More than four out five UK construction companies say that digital transformation is a priority for their organisation, according to a survey of 835 construction professionals from across 12 countries in Europe, the Americas and Asia Pacific.
According to the survey 72% of construction companies said digital transformation is a key priority to drive much-needed changes to their processes, business models and/or ecosystems. the UK is slightly above the global average, with 83% stating digital transformation is a priority for their organisations and 81% engaged in digital transformation.
The survey, an International Data Corporation (IDC) infobrief, Digital Transformation: The Future of Connected Construction, was sponsored by Autodesk.
The findings show the construction industry is ripe for digitisation. Companies believe digital construction solutions (such as BIM workflows, bid management, project management and insights) can help improve their construction projects. Overall project management and performance scored top worldwide, with one fifth selecting this benefit. In the UK, this was also the top benefit for respondents (20%), followed by improving health and safety (16%) and control of time and scheduling (14%).
Despite the benefits identified, more than 70% of organisations say they use digital construction solutions in less than 30% of their projects, while only 1% use digital construction solutions in more than 60% of their projects. Similarly, in the UK, more than three quarters (73%) stated that only up to 30% of their projects are using digital construction solutions.
Unlocking five ‘digital deadlocks’
Overall, the study identified five “digital deadlocks” companies face on their journeys to digital transformation maturity.
For many struggling to move digital transformation forward, the greatest hurdle is creating a single enterprise-wide technology roadmap that can help a company prioritise use cases and investments (46%). This is followed by building a technology architecture that allows for scale (42%), establishing digital KPIs to measure success (37%), tapping into technology expertise (36%) and embedding digital best practices across the company (29%).
UK construction professionals are also being held back by current working processes, with the top three identified as effectively managing risk (19%), data security (13%) and completing projects on time and on budget (12%).
Unlocking the five “digital deadlocks” can help organisations mature and progress along their digital journey, moving past the early and mid-level stages into the most mature stages, where digitisation is central to the way the company works and delivers a competitive advantage in the market.
UK construction yet to unlock digital investments
Despite the UK’s reputation as a leader in BIM adoption, less than half of those surveyed (40%) have invested in BIM workflows. While many UK firms (64%) have upskilled staff in BIM, India and Singapore lead the training, where three quarters (75%) of companies have fully trained BIM expertise in-house. Brazil also has 53% invested in workflows, which can be attributed to push for mandatory usage in the country by 2021.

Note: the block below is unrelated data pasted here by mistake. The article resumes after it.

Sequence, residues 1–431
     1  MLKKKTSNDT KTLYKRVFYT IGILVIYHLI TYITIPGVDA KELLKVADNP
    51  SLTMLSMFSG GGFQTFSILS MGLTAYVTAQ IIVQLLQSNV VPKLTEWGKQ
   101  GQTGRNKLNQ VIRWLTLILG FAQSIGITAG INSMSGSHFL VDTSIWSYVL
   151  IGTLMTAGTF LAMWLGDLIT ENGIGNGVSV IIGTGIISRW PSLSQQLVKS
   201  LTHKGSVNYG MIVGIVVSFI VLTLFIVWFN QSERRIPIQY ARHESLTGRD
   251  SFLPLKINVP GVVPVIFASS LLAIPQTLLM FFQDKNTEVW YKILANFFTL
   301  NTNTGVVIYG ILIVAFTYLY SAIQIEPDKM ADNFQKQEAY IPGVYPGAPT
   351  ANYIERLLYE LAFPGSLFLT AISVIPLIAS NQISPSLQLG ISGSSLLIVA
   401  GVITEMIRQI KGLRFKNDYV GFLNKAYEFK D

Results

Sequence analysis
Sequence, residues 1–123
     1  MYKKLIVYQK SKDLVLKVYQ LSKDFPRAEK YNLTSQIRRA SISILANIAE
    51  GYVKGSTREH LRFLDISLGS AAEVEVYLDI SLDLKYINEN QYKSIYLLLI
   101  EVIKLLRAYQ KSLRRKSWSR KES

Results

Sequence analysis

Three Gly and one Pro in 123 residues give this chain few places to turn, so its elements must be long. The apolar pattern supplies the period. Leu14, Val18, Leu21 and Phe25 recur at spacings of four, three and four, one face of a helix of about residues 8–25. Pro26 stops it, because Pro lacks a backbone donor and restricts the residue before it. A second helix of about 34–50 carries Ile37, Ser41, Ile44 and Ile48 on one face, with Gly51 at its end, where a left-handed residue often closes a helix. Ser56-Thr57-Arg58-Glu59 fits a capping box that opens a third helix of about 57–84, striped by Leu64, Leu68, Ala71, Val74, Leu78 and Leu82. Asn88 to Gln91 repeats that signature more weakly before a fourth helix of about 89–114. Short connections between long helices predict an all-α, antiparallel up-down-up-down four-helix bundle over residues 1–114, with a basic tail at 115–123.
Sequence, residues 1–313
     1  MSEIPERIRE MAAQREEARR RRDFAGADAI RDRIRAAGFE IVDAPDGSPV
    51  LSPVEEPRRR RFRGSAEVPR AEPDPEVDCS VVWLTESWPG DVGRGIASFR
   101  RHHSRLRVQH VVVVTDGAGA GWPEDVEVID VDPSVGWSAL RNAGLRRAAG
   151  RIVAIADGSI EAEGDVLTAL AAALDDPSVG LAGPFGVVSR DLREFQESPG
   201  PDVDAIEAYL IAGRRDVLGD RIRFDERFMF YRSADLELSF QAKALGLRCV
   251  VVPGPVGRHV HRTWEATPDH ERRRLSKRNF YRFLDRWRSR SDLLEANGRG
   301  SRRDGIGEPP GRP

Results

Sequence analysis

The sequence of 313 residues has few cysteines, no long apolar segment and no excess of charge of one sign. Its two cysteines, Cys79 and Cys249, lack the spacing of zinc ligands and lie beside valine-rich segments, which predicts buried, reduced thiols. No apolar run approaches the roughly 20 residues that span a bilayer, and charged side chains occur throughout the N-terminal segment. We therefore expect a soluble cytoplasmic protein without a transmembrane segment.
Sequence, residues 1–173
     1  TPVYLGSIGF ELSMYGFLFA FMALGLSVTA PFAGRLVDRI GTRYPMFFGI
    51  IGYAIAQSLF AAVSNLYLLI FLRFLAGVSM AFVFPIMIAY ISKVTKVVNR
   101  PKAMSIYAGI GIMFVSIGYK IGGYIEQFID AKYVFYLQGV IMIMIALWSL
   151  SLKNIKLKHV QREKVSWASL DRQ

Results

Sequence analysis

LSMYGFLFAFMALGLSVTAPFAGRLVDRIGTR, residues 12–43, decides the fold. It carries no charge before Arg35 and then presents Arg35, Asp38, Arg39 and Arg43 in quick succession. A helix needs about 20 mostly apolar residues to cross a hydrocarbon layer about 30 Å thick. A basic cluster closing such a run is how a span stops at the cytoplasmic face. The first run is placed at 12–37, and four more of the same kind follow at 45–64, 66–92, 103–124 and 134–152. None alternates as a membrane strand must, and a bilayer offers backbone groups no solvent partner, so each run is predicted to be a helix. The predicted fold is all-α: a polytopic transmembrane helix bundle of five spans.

Nevertheless, the outlook for BIM in the UK is promising. Almost a third (27%) of firms are planning to implement BIM in the next 18 months, meaning more than 90% of the industry could be actively using the technology by 2021.
UK firms eye up new technologies to overcome hurdles
The UK is in the top three of highest spenders for investment in construction technologies, relative to their turnover. Three quarters (75%) of UK construction companies surveyed spend at least 5% (or more) of annual turnover on IT, compared with the global average of 41%.
To help address these challenges and reap the rewards from digital transformation, UK firms have already implemented productivity-enhancing software, namely client relationship management (CRM) at 42% of companies and enterprise resource planning (ERP), project management and BIM tools at 40% each.
In Europe, the UK had the highest proportion of companies selecting big data and predictive analytics (21%) as a technology they are considering or planning to invest in over the next 18 months, compared with 17% in Germany and 11% in France. The following two priority investments in the UK are the Internet of Things (18%) and 3D printing (12%) to help improve construction projects.
“Whilst many organisations worldwide have embraced digital transformation and are bringing new innovations into their businesses, the construction industry has yet to fully reap the benefits of digitalisation due to the unique challenges it faces,” said Daniel-Zoe Jimenez, AVP and APAC head of digital transformation at IDC.
“However, our research indicates that digital construction solutions can help improve construction projects, and construction companies are looking into new, innovative technologies to accelerate their digital transformation.”
“Worldwide, the construction industry is facing the reality of having to do more with less,” added Mike Pettinella, EMEA director of Autodesk Construction Solutions. “The UK is showing positive signs of maturity in its digital transformation journey, with some firms leading the charge and embracing DX.
“It’s important that digital construction tools are viewed as an enabler to benefit current processes, while the structured roll out and training of staff for planned investments is essential to maximise the benefits of the tools.”